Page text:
Coombe's comment re the contractual outline of coverage to the client from their lawyer is key. The first question the adjuster will have, or a lawyer if the claim goes that far is, what does the contract say. It is no different than a client signing a rental or lease agreement for property. What terms and agreements are contained in a contact between the landlord and the tenant relevant to coverage? However, what you will likely hit a brick wall with is expecting the your client's lawyer to explain to your client the coverages he should contractually have. That will be turned back to a matter between the broker and the client. And don't expect an insurer to play the part of a lawyer - their liability stops upon the receipt of an application.

    I am reminded of my first major account written that involved a principal candy manufacturer in Toronto with 26 stores between here and in Quebec. I secured from the client the lease agreements of all 26 stores and after reading that every agreement was different regarding terms of coverage, I visited the client's lawyer looking for advice. His advice? "Sell your client the broadest coverage available for each store".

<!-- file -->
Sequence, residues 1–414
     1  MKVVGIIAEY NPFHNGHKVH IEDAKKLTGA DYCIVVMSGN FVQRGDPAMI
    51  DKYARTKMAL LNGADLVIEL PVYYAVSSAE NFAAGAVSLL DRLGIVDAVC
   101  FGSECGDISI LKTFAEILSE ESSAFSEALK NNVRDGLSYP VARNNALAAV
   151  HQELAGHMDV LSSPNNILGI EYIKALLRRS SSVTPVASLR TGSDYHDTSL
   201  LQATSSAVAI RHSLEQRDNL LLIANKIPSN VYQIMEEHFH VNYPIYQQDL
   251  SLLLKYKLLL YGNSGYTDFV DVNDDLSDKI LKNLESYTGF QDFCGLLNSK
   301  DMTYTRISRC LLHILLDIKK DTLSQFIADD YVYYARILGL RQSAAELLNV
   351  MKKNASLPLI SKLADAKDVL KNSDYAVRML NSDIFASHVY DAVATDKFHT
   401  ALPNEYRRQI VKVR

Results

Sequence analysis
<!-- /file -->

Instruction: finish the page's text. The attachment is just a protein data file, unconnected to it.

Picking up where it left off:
As a broker, while you may not be a lawyer, you are dealing with a legal contract every day of your insurance life. A contractual agreement can be pretty basic concerning the coverage a party to the contract requires. Follow it and remember to add to it in every way you can to protect your client as much as possible. Have him sign off anything he won't pay for.
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  • Mike Wild 2017-08-13 5:37:53 AM
    As with the special assessment for a shortfall in liability insurance look to buy the same product to cover you in case of a shortfall in the condo's property insurance.